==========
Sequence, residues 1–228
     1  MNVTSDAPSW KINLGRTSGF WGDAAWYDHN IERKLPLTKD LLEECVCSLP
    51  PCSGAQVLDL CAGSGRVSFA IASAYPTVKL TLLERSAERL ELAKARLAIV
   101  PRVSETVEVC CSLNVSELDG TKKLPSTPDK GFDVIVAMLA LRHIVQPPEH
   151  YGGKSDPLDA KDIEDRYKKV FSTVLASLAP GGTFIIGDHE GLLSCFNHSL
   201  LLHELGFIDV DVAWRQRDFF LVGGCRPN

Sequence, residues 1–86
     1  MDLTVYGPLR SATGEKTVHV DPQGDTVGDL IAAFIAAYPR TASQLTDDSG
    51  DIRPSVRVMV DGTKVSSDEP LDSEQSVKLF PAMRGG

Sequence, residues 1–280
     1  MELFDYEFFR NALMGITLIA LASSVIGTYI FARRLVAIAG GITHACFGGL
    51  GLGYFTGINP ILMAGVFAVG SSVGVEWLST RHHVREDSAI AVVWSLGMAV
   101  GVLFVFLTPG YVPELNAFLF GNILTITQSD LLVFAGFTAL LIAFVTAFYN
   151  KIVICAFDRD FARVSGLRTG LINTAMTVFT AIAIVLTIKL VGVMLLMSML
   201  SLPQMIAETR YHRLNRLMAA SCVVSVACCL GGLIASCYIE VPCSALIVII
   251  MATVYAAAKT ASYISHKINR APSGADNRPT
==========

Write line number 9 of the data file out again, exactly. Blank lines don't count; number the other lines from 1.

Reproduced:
    51  DIRPSVRVMV DGTKVSSDEP LDSEQSVKLF PAMRGG